Remove the cable jacket piece. Don’t toss the stripped off jacket piece just yet. Check for slices in the cable shield near the cable jacket edge. If you see any, you may have nicked a conductor. Keep your eyes open!
Make a small nip in the cable shield at the jacket.
Peel off and REMOVE the foil shield. You may discard the piece of foil.
Remove the rip cord.
Remove the PE wrap (polyester tape).
Check the conductors at the jacket edge for nicks. Nicks show up as slices in the conductor insulation or even bright copper. If you see nicks, start over. Note: Copper Fabric Strip shown already applied in this photo.
Wrap the ESD drain wire backwards and around the cable jacket in a spiral fashion. Apply a Copper Fabric Strip to tack down the ESD drain wire. Skip about 3/16” from the jacket edge so that some cable jacket color still remains. This will help with seating depth in the plug housing.
Remove the spline by making four snips. Rest the clippers on the cable jacket edge and snip each “wing” downwards. Be careful not to nick a conductor. DO NOT remove the spline by cutting straight across--it will make termination more difficult.
The internal spline is found on all trueCABLE Cat6 and Cat6A cables. The purpose is to improve performance by reducing pair to pair crosstalk. We did not add it to make your life difficult!
Twist spline to remove.
Copper Fabric Strip applied and the spline removed. Now you are ready to untwist the conductor pairs.
Use the piece of cable jacket you stripped off to untwist the conductor pairs.
Straighten the conductors out by removing the kinks. You may use a smooth metal shaft or the back hard plastic of your clippers. A glove is helpful here to protect your thumb!
DO NOT overwork the conductors. Use one or two passes at most. If you overwork the conductors you may thin-out the copper conductors or remove the conductor insulation.
Conductors smoothed out. This is the time to put them into either the T568A or T568B sequence. We will use the T568B sequence for this blog, which is most commonly used by installers today.
- You can use either T568A or T568B for your sequence. One is not better than the other. Just be sure to use the same sequence at both ends of the cable.
- Once you have those conductors lined up, keep the pressure on them, so they don’t get out of order on you. They will trust me. Try it once to see what I mean…
Here is a handy reference for you. When looking at the conductor color sequence, be sure you understand the orientation of the plug itself! Yes, it is quite possible to get the sequence correct and put the plug upside down. I have done it, so don’t be a Don.
T568A and T568B color code chart for your reference!
Line up the conductors and then flush cut about ½” off. Leave about 1.5” of conductor excess. You may cut straight across or on an angle as you prefer. Once the conductors are in sequence and flush cut, maintain control of the conductors or they will get out of sequence!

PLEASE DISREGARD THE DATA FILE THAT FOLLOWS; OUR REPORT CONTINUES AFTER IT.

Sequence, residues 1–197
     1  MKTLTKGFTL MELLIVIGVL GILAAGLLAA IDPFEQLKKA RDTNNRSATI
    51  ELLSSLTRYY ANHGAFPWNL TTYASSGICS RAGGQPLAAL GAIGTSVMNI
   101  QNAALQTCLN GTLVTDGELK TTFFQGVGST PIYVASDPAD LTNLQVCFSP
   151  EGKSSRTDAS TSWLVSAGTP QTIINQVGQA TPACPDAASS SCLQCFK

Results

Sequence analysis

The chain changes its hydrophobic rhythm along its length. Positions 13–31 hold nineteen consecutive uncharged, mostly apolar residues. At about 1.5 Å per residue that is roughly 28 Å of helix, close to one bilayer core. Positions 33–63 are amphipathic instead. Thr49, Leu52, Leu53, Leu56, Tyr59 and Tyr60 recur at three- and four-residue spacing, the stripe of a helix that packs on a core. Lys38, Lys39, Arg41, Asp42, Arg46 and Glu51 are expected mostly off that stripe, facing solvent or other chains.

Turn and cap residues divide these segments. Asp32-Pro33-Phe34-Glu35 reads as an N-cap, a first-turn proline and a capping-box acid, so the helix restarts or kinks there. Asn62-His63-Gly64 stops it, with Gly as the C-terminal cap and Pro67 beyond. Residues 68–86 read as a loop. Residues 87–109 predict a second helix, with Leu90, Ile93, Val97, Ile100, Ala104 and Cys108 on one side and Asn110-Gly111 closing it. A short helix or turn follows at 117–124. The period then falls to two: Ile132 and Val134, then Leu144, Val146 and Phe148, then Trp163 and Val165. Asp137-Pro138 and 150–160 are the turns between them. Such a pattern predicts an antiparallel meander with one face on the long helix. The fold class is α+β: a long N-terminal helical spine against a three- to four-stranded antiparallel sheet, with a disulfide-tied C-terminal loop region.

Begin inserting the conductors into the plug housing.
There is a plastic “stop ledge” inside the plug housing. Be careful to not ram the conductors into that ledge or you will need to pull the conductors out and straighten them again. The conductors will start to “stagger” for you once you reach the end of the plug near the golden contact pins.
Continue pushing the conductors until they protrude from the nose, but don’t fully seat the cable jacket into the housing yet. Check the color sequence again to be sure none of the conductors got out of order.
Insert the cable jacket into the plug housing to the depth indicated. You will feel a hard stop point. You want to see a small amount of cable jacket color just after the metal. Stop there.
DO NOT attempt to seat the cable jacket any deeper or you risk distorting the plug housing. This pass-through plug is designed to set the ½” ANSI/TIA untwist limit but not tighter. Extensive testing by trueCABLE has shown no significant benefit to deeper seating on RJ45 terminations.
Cable jacket is seated to the correct depth and conductors are in the correct sequence. DO NOT terminate the plug yet.
Hinge the ground collar back upward and inline with the cable jacket and plug housing.
How the ground collar should look prior to folding down the wings.
Using a flat blade screwdriver, bend the ground collar “wings” downward as shown to pre-start the crimp.
Important: First crimp the ground collar and then terminate the golden contacts in the termination tool.
Place the assembly into the trueGROUND tool and use the large crimp cavity to fully compress the ground tab.
Fully compressed and crimped ground collar. If it does not look like this, then it is not done correctly!
Why do we recommend crimping the ground collar down FIRST before terminating the golden contacts? Extensive experience with this style of RJ45 plug has demonstrated that crimping the ground collar before terminating the contacts places much less stress on the golden contacts and helps to preserve performance.
Now you can terminate the plug.
It is very helpful to push the plug into the crimp cavity with moderate force, being certain it is fully seated. DO NOT use excessive force. Hold the cable and plug assembly while starting to collapse the tool handle. Once the process has started you should remove your hand and then fully compress the handle. The reason you want to remove your hand at the last moment is to permit the strain latch presser bar to adjust the plug into the tool for proper termination and flush cutting.
No matter what you do, do not use a high degree of force on the cable and plug assembly while closing the tool handle. This will result in a damaged plug!
Completed termination. See table below for areas to check and why.
A - Ground collar. The ground collar should be perfectly compressed as shown. It should slightly indent the cable jacket. It must be perfect as it is the only strain relief mechanism!
B - Seating depth. The cable jacket color should show about 1/16” after the metal. It should not be seated any closer to the golden contacts or you risk damaging the plug.
C - Golden contacts. The golden contacts should be fully seated. Check for popped up pins.
D - Flush cut. The conductors should be fully flush cut off. You can run your finger across the front of the plug to be sure. A slight under-cut to the nose “tab” of about 1 mm is normal. The tool is designed to under-cut and bite into the nose slightly to ensure full flush cuts.
All done! So, there you have a Cat6/6A shielded external ground RJ45 connector on your cable now. Go plug it in and HAPPY NETWORKING!
Something not right? Is your cable not performing to your expectations? You could have a bad or poorly terminated RJ45 plug. Better check out What Does a Bad Termination Look Like?